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Not many people see Los Angeles as an epicenter for architecture. An epicenter for earthquakes, perhaps, but isn’t it a […]Read Now
Scottish radio and TV broadcaster Edith Bowman is no stranger to fame. She covered Live 8 for BBC Scotland in […]Read Now
- Bryan Adams has allegedly one-upped Keith Richards in the “Save Amy Winehouse” sweepstakes: he has written a song about her. The Mirror reports that the rocker has embarked on an “unlikely friendship” with Winehouse and that he wrote “Flower Grown Wild” to warn her of an untimely death.”With lyrics such as, ‘Amid the stars and the bars, the pimps and pills’ and ‘the picture faded and the day was done, went home to nothin’ but a loaded gun,’ it’s clear Bryan, 48, fears for Amy.”
- Coldplay‘s new album will be called Viva La Vida?(BBC)
- It’s official and it’s getting kinda scary: The Sun‘s Gordon Smart has a major infatuation with Cheryl Cole. Seriously, it almost rivals Victoria Newton‘s unnatural obsession with Take That.
- Lily Allen is reportedly living with a new boyfriend, producer Robertson Furze.(The Sun)
- The new Bond film will be released a week early: Quantum of Solace will hit theaters on Halloween.(BBC)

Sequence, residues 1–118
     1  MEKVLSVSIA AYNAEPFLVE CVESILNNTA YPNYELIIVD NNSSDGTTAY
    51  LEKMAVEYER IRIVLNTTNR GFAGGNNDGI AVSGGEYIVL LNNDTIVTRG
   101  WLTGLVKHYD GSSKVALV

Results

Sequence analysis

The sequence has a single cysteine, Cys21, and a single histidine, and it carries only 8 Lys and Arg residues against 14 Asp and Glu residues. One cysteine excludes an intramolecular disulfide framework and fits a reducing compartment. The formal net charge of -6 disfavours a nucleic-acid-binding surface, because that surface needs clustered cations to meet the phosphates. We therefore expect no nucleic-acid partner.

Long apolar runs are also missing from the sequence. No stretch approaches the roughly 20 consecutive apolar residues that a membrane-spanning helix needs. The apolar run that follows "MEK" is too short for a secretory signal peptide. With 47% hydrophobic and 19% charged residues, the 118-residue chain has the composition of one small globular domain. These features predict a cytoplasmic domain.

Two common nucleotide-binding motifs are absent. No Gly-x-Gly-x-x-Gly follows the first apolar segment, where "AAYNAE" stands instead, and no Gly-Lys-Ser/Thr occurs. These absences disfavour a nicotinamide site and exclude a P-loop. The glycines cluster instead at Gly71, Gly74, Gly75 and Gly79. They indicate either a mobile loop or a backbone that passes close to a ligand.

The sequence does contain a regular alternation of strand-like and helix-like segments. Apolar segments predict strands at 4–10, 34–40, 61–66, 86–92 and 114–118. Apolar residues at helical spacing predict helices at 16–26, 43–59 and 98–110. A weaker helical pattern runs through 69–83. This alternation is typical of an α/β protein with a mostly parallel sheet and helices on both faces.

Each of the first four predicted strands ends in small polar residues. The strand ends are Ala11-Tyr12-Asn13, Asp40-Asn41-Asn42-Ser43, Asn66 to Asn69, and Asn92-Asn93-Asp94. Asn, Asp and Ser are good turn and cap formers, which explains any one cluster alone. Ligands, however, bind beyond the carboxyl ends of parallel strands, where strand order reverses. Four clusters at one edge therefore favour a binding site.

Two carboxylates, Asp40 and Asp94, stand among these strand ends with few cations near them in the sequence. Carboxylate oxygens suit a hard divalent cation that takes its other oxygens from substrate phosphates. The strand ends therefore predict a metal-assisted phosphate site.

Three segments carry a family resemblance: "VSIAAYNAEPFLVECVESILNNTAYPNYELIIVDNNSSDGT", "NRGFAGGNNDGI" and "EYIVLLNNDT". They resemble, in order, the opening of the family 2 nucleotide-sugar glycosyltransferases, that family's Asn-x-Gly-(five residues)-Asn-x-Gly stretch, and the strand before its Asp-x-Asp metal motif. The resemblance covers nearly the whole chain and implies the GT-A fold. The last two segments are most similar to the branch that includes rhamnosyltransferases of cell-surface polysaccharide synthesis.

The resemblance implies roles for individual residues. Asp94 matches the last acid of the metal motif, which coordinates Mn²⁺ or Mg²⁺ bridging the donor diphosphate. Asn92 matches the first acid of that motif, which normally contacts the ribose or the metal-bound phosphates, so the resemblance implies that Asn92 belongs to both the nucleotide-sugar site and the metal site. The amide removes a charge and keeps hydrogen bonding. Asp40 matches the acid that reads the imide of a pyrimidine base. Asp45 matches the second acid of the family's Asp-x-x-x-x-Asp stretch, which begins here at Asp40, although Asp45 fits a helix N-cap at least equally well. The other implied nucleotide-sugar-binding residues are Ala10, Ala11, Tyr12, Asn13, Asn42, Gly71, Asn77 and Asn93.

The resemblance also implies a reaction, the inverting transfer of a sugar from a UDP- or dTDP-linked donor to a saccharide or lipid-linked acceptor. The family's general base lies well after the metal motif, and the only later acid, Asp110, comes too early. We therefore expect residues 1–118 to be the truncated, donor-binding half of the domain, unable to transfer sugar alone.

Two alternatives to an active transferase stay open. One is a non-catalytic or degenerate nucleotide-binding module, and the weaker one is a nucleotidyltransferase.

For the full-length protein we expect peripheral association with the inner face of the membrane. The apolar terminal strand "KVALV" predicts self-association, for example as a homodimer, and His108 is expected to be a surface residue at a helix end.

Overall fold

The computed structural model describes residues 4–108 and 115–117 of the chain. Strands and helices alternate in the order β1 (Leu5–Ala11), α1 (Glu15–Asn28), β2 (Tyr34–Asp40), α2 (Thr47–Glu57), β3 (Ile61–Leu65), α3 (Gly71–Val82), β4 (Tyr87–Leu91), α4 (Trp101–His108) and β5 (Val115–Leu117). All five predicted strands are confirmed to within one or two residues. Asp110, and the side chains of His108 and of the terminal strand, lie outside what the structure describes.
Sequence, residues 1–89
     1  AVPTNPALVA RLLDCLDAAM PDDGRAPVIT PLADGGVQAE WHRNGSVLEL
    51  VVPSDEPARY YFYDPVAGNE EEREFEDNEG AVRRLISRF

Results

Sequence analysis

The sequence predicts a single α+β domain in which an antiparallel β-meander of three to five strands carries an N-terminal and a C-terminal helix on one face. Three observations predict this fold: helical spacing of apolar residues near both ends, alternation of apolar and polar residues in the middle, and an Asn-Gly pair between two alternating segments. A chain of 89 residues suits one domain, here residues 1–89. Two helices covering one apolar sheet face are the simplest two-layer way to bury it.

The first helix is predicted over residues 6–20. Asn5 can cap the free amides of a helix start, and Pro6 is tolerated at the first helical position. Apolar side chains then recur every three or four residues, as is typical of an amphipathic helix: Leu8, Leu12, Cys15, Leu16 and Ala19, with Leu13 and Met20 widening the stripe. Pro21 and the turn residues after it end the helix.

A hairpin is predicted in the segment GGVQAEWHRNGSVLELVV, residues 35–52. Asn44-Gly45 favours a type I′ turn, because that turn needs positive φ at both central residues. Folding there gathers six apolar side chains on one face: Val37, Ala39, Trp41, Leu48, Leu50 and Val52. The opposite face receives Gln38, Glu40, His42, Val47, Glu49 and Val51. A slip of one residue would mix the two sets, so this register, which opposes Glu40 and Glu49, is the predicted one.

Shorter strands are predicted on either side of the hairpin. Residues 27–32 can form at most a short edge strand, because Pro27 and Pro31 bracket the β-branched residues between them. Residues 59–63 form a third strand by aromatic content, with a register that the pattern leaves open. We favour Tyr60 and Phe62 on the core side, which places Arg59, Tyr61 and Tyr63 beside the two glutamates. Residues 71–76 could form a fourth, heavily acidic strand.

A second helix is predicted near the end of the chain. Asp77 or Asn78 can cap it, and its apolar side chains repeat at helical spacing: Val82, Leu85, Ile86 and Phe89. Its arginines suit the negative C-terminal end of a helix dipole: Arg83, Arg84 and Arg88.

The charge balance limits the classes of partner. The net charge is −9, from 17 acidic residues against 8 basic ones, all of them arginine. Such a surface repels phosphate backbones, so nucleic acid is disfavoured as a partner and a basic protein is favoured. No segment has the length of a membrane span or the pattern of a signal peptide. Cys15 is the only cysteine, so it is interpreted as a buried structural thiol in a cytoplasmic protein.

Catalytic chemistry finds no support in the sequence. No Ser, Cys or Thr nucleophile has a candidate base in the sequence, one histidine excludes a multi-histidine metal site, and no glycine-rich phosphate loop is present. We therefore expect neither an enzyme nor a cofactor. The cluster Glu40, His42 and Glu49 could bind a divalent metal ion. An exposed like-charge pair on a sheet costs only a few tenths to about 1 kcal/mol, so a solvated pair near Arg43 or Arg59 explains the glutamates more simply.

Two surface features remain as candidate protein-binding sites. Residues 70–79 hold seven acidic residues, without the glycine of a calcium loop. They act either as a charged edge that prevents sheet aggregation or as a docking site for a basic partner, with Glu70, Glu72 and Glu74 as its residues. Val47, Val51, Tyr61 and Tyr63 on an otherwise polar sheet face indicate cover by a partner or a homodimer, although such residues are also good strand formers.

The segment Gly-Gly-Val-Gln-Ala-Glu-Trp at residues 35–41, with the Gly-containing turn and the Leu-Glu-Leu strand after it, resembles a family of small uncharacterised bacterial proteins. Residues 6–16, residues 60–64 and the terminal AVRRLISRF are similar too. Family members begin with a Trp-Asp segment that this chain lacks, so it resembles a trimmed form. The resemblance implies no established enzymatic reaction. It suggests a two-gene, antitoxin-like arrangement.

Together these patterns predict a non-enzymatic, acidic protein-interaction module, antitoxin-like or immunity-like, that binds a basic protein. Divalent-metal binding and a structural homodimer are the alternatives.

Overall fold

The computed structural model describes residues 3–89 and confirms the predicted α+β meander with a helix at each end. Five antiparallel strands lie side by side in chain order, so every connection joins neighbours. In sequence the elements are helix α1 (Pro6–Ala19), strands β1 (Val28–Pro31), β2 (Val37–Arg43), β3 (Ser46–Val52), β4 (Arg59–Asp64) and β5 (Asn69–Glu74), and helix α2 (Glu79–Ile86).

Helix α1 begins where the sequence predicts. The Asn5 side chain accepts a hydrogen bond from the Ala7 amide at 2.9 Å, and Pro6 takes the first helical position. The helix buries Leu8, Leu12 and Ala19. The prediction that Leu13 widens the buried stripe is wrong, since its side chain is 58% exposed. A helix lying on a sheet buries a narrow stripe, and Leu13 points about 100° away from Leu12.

- Actor-turned-singer Jimmy Nail, whom I featured in Anglo For Your Ear a few weeks back, is getting his own sitcom – in which he’ll play an aging pop star.(BBC)
- Bear Grylls offers another apology over Man vs. Wild “fakery.”(Digital Spy)
- After winning an Olivier for Much Ado About Nothing, Black Books star Tamsin Grieg returns to the stage opposite Ralph Fiennes in God of Carnage.(The Times)
- Sci-fi visionary Sir Arthur C. Clarke has died in Sri Lanka at 90.(The Times)
See more posts by Kevin Wicks
Kevin Wicks founded BBCAmerica.com's Anglophenia blog back in 2005 and has been translating British culture for an American audience ever since. While not British himself - he was born and raised in St. Louis, Missouri - he once received inordinate hospitality in London for sharing the name of a dead but beloved EastEnders character. His Anglophilia stems from a high school love of Morrissey, whom he calls his "gateway drug" into British culture.